I found flaxseed oil in the dietary supplements section of my local grocery store (HEB). It costs $24.99 for a 32 oz bottle, and it needs to be kept refrigerated. Foxfire and I started adding apx 3 tablespoons of flaxseed oil to Ziggy's evening grain every day. After a couple of weeks, the rain rot started disappearing. After a month, the rain rot was gone and Ziggy's coat was healthier and much shinier. Also, in the past couple of months, since the weather has gotten colder, he has actually grown a thicker winter coat which he has not done in previous years.

In addition to the obvious improvements to his skin and coat, Ziggy's hooves have also started looking better. They had been somewhat dry, with a tendency to develop small cracks. Now, they look healthier and don't have a single crack.

Another odd thing that happened was that mud didn't stick to Ziggy's coat as much. It used to be that when he got dirty, the dirt stayed on until Foxfire or I cleaned it off. Unlike Shadowfax, whom Foxfire referred to as the Teflon horse because of the way that dirt, once dried, would just fall off of him (I love my horse). After receiving flaxseed oil daily for over a month, Ziggy started shedding dirt as soon as it dried, just like Shadowfax. I had never read anything that suggested that flaxseed oil makes your horse easier to keep clean, but in my experience it does. Since the only thing that we changed in Ziggy's care was the addition of the flaxseed oil, it must be responsible for all of these changes.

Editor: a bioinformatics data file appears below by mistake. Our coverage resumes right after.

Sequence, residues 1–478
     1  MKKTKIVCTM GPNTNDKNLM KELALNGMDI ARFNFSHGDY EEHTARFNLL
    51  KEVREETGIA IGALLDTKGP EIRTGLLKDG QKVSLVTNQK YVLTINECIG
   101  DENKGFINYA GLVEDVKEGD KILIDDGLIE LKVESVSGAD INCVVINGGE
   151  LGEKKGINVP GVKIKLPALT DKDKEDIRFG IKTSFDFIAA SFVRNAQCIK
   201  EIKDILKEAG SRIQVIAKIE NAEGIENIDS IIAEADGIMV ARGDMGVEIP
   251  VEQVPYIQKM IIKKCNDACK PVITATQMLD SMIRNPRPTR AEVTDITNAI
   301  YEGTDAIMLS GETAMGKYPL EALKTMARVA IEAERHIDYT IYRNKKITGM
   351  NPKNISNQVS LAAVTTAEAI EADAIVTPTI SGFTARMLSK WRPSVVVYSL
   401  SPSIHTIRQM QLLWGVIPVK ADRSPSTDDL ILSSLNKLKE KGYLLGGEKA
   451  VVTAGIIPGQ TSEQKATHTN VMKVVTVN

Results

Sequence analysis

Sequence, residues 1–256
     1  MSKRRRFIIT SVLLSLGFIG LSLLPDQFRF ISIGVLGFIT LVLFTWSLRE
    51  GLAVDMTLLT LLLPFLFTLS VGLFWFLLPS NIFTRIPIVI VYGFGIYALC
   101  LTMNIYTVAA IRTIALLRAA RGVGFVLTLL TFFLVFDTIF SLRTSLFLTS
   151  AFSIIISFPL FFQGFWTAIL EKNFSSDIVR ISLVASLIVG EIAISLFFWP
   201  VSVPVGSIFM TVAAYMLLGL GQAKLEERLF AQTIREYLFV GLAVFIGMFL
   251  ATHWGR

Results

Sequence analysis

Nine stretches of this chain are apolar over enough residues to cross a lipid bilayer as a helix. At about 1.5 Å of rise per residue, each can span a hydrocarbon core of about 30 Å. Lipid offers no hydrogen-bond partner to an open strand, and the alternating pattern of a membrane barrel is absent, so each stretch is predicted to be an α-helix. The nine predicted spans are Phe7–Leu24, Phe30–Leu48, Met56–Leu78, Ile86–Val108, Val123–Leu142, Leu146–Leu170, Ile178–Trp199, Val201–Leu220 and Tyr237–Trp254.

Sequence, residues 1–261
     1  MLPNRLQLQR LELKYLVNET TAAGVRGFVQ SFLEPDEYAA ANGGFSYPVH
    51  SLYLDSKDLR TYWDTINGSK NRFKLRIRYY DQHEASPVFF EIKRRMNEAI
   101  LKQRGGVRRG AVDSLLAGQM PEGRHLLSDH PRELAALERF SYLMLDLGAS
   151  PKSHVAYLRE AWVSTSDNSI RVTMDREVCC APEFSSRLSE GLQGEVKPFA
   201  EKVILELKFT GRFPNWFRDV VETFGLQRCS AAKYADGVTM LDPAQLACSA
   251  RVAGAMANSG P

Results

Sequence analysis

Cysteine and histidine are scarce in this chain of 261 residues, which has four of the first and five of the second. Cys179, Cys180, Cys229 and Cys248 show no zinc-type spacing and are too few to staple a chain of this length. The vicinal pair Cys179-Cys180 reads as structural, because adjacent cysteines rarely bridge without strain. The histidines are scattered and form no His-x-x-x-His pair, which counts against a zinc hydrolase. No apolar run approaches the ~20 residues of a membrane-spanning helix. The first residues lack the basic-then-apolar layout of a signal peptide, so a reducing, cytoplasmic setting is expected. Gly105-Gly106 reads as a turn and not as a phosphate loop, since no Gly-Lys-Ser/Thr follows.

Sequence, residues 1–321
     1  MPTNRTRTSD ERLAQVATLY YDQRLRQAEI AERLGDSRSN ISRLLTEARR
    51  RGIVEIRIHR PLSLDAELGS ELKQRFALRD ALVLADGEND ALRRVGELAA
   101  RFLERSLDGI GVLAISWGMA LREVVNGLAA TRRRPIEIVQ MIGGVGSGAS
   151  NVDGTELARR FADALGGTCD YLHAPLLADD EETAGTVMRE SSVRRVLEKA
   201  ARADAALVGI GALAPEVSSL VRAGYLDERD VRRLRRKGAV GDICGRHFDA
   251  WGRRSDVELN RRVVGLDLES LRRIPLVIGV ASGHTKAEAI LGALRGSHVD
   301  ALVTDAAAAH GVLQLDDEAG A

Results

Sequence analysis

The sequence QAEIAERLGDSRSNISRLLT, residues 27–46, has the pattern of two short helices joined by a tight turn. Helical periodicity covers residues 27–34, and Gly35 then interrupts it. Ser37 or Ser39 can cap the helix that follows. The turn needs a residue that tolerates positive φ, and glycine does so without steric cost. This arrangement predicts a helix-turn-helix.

Since we were giving the flaxseed oil to Ziggy, I'd gone ahead and given apx 1 tablespoon to Shadowfax each evening as well. Shadowfax is a very easy keeper and only gets a handful of grain for his evening meal, so 1 tablespoon of oil was all that we could add without making oil soup. As mentioned before, Shadowfax already had a very nice coat, but even his coat became shinier, softer and even more dirt resistant when we started giving him flaxseed oil.

So, if you are looking for a way to improve your horses skin, coat and hooves. Or simply a way to make them look shinier and stay cleaner, you might consider giving flaxseed oil a try. It is a bit of hassle to use because of needing to be kept refrigerated. And if you don't give your horse much grain, it might be difficult to add an effective amount of flaxseed oil to their dinner without making it an oily mess. But it was worth the extra effort to finally get rid of Ziggy's rain rot and give him a healthy, shiny coat and stronger hooves.